Scientists at Dana-Farber/Brigham and Women's Cancer Center (DF/BWCC) have identified biomarkers in melanoma that could help tailor immunotherapy treatments to maximize the benefits for patients while reducing the likelihood of severe side effects.

While the utility of these biomarkers needs to be validated in future clinical trials, the findings reported in Science Translational Medicine suggest that the current practice of combining two different types of immune checkpoint blocker drugs in advanced melanoma patients may be the best course in some instances, but not in others, because the immune makeup of some melanoma tumors may cause them to be resistant to one class of checkpoint inhibitors.

"By looking at how melanoma is avoiding immune detection, we may be able to identify patients who may do just as well with a single agent, with no loss of efficacy, but improved tolerability," said Scott Rodig, MD, Ph.D., an oncologic pathologist at DF/BWCC and first author on the report.

The study revealed that some patients, whose tumors are deficient in a protein needed for the immune system to recognize cancer cells, are unlikely to benefit from ipilimumab, an immunotherapy drug that blocks the CTLA-4 checkpoint, but which has potentially severe side effects. Therefore, identifying such patients with a biomarker test before treatment could spare them the adverse effects.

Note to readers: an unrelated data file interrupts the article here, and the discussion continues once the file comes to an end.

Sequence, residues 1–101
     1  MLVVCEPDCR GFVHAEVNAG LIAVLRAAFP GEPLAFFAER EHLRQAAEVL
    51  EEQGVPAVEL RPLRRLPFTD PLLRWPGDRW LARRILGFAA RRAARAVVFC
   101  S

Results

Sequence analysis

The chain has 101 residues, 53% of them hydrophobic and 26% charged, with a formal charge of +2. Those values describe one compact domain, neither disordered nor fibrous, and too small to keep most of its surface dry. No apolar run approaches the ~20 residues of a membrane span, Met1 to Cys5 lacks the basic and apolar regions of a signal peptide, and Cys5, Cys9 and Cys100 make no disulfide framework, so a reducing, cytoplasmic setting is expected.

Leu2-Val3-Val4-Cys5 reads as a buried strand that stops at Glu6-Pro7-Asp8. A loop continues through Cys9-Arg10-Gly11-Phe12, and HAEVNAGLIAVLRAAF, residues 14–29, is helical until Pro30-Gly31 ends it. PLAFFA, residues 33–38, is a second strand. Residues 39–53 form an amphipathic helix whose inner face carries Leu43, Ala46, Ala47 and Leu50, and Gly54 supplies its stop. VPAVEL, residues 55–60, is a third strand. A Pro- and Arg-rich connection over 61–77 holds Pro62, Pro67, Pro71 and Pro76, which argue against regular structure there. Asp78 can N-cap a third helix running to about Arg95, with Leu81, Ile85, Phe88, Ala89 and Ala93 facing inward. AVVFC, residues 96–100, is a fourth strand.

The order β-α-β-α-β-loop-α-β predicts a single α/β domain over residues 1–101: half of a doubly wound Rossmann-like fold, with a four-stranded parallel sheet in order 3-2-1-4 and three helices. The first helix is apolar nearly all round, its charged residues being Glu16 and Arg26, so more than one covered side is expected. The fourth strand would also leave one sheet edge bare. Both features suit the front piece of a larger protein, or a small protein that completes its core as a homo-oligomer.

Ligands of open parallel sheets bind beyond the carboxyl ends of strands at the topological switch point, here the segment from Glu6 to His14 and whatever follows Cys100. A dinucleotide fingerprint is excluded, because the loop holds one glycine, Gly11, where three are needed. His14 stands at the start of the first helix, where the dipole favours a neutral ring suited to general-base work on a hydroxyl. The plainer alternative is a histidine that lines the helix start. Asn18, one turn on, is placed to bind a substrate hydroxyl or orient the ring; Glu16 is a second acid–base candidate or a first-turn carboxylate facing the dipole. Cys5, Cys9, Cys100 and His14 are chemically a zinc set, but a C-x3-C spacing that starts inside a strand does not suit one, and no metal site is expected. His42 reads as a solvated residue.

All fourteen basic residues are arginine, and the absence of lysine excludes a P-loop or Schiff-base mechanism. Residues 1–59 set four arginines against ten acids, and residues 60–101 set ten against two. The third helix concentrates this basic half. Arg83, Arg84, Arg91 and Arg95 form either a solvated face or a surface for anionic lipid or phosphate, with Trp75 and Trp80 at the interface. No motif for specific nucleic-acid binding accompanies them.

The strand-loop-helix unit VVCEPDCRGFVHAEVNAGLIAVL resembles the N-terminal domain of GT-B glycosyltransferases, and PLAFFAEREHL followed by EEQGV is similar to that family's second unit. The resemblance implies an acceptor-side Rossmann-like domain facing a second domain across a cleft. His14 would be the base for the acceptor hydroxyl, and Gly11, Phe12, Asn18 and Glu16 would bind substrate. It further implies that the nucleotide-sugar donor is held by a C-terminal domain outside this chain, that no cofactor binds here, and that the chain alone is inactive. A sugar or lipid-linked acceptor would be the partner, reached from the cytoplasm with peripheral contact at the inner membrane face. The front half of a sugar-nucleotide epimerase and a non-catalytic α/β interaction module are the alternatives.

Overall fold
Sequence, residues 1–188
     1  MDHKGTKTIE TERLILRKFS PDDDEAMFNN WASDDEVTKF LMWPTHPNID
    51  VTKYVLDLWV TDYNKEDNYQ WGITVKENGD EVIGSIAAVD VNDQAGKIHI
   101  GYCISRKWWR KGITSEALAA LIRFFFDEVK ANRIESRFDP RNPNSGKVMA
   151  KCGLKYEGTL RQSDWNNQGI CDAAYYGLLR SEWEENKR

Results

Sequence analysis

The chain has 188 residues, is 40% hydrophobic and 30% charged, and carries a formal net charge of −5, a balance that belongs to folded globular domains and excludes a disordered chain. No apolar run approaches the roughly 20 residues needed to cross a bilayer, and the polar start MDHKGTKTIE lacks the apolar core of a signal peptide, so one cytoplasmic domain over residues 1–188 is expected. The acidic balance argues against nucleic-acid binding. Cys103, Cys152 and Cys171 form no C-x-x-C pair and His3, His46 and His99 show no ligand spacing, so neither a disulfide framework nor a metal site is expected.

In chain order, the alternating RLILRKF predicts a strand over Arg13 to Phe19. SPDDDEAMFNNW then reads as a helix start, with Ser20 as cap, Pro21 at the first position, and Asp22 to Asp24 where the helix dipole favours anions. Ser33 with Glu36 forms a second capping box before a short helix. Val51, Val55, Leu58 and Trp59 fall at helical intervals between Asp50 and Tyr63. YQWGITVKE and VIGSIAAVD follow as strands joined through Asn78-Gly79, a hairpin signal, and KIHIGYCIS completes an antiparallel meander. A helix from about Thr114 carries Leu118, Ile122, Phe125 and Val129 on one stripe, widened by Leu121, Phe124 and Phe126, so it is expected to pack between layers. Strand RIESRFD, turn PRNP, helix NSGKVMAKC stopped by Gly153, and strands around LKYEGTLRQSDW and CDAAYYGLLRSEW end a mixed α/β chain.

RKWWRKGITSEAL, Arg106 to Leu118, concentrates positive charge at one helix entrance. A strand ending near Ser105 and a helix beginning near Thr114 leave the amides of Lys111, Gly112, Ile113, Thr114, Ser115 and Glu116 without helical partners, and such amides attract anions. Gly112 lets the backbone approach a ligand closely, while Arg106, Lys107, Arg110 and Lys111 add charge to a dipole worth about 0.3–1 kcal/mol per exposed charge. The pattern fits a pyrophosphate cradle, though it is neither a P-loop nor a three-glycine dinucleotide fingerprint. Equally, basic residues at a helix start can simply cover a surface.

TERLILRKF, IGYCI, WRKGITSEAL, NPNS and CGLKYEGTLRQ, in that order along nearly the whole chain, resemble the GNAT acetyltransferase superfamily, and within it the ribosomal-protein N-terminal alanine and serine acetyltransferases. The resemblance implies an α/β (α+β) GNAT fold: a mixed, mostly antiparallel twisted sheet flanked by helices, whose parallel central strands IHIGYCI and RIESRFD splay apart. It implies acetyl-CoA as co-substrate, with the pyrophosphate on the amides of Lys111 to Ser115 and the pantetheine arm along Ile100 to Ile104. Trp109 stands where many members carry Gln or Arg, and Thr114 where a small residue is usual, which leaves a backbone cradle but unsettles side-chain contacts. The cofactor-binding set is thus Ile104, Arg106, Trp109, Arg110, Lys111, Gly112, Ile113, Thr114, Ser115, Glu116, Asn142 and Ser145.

Immune checkpoint inhibitors

The outlook for patients with advanced melanoma has dramatically improved in recent years because of drugs are known as immune checkpoint inhibitors, which mobilize the immune system to attack cancer.

These drugs block checkpoint molecules that act as brakes on the immune system; by removing these brakes, checkpoint inhibitors unleash immune defenders such as T cells to recognize and attack cancer.

Typically, patients with advanced melanoma receive a combination of two different checkpoint inhibitor types: one, such as ipilimumab, targets the CTLA-4 checkpoint, while the other, including nivolumab and pembrolizumab, targets the PD-1 checkpoint.

Recent research inspired the new study by Margaret Shipp, MD, at Dana-Farber showing that Hodgkin lymphomas frequently avoid immune detection by eliminating their MHC class I proteins. MHC class I proteins are found on the surface of most cells in the body.

Their function is to bind fragments of foreign proteins, including those stemming from cancer cells, and present them to T cells, which then mount a mass attack on the invader.

But if cancer manages to dial down the abundance of MHC class I proteins somehow, the immune system would not recognize cancer as foreign and respond against it. In Hodgkin lymphoma, the tumor cells accomplish this feat by deleting a key gene required for expression of the MHC class I proteins.